Elizabeth (CORMACK) RENFRO – A Nice, Big X Match (Ancestor 45)
If you’ve been studying genetic genealogy for a bit, you may understand X DNA, but I’ll give a summation here.
X DNA is different from regular autosomal DNA. The 23rd chromosomal pair contains the sex chromosomes – those which determine the biological gender of the child. In all but rare cases, biological females have two X chromosomes (XX), and biological males have one X and one Y (XY). As we may have learned in high school or college biology, it is the male’s 23rd chromosome that determines the gender of the child.
Yes, it’s true. I just discovered this.
My Contact Me form had the wrong email address… for about 4.5 years.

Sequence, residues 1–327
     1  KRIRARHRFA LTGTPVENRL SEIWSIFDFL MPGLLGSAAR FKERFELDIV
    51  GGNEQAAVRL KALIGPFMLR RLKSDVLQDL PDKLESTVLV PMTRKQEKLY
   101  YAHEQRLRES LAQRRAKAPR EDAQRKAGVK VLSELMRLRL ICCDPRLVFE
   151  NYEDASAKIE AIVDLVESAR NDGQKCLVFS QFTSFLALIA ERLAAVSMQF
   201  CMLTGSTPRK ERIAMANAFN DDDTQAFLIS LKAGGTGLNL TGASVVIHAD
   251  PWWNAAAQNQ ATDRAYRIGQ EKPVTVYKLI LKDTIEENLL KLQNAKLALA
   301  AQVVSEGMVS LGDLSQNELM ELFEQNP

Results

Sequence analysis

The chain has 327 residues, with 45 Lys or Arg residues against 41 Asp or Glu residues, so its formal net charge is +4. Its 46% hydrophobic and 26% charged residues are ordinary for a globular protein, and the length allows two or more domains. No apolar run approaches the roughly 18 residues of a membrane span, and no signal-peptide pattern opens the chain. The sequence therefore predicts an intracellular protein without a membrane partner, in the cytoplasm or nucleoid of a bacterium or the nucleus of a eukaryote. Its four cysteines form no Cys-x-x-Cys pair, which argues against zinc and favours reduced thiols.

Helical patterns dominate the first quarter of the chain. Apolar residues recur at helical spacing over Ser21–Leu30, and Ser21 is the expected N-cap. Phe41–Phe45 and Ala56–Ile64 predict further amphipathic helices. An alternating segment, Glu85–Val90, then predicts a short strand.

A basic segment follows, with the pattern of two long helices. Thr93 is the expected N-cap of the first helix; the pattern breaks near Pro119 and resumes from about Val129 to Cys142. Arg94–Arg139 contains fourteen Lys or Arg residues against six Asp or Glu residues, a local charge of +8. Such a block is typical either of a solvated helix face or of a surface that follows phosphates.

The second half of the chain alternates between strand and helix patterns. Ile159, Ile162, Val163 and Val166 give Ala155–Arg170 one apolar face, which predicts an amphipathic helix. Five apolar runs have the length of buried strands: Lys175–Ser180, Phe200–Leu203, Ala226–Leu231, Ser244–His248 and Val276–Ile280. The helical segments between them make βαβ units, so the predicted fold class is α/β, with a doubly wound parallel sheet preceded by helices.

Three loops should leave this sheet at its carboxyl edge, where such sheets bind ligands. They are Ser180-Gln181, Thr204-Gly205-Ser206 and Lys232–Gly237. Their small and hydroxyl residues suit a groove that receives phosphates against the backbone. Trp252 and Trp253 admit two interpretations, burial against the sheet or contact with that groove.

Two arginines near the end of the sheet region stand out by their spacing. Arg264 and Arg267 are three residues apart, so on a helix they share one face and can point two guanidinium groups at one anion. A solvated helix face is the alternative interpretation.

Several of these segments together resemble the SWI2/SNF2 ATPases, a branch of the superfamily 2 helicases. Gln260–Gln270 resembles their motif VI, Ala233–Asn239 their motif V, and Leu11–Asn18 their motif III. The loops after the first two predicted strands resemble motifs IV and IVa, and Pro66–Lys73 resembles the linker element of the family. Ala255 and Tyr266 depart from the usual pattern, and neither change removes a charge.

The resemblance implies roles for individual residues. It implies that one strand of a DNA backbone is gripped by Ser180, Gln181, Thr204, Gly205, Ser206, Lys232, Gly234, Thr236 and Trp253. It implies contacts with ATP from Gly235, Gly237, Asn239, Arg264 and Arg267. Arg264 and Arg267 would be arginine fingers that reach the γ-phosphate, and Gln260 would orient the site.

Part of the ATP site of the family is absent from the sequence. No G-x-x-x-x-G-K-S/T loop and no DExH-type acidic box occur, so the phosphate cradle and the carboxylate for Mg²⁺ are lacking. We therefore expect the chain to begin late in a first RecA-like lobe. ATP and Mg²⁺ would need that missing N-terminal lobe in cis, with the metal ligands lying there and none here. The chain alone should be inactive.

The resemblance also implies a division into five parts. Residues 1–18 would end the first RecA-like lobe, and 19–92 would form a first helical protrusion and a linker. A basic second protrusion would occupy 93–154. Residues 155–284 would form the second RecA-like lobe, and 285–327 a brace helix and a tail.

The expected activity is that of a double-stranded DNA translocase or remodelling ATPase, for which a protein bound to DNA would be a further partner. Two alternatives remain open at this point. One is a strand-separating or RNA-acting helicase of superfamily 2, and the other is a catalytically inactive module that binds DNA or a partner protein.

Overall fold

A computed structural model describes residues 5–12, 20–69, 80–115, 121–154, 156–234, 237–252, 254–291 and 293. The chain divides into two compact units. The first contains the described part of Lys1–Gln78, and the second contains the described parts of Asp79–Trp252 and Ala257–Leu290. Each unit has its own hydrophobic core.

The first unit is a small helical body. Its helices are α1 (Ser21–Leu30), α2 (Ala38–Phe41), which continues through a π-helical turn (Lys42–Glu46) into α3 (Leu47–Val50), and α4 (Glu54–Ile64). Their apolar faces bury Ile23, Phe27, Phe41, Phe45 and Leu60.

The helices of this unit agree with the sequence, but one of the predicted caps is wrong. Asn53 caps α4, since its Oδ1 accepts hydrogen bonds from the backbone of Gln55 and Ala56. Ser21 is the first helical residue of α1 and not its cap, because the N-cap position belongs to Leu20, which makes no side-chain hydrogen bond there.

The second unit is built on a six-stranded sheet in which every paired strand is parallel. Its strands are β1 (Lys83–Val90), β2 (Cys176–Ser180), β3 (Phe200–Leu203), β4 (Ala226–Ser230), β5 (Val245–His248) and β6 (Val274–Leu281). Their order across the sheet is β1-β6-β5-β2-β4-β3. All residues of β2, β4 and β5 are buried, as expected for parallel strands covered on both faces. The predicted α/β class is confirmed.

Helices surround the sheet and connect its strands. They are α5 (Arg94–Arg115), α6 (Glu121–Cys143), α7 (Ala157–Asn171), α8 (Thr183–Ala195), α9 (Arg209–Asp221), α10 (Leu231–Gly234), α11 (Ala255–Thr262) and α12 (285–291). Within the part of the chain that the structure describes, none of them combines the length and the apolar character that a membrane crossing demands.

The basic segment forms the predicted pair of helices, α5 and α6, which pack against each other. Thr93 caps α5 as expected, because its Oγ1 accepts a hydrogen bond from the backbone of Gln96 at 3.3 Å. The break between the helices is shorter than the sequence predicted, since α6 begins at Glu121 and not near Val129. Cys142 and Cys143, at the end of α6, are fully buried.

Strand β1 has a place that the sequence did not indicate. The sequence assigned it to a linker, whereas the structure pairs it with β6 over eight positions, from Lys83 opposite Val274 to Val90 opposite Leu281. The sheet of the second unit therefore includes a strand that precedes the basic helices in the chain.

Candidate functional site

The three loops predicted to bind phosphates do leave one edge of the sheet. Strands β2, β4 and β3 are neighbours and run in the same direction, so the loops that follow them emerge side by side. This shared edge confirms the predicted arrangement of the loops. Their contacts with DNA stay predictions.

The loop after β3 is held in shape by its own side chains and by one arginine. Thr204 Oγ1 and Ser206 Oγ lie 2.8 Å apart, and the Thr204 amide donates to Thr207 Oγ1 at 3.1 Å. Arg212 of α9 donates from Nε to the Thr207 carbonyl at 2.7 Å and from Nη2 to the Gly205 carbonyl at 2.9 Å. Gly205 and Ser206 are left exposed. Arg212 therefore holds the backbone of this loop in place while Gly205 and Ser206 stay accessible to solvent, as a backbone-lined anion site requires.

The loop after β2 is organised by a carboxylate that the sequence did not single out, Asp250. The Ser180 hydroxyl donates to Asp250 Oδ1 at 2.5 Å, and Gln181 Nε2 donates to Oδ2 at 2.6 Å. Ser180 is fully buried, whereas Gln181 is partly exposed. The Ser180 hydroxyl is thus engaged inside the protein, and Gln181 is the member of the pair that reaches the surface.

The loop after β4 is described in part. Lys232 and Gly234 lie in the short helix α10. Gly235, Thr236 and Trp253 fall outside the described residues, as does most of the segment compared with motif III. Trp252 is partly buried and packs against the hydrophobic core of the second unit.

So, if you’ve contacted me through the Contact Me form on this Blog and I didn’t return your message, I am so incredibly sorry. Furthermore, there is no way for me to access any of those old messages.
I fixed it, tested it, and it works now. I hope to hear from you if you are one of those people.
I am my own webmaster, and I’m the one who typed my email address incorrectly.
C’est la vie.
So ist das Leben.
Así es la vida.
Dat ass Liewen.
Sellaista on elämä.
Such is life.
Coon’s Fort Historic Marker, Marion County, West Virginia
New Post on Coon Family Genealogy Blog
Some Coon and Koon Families of East Central Indiana
Henry Anton death certificate. Copyright Notice: You do not have permission to download or copy this photo without obtaining it from me. Thank you.
I didn’t know that my paternal grandmother’s father had a middle name until Ancestry added its “U.S., Social Security Applications and Claims Index, 1936-2007” a few years ago. There is no middle name on his death certificate, and I had not heard of one. Continue reading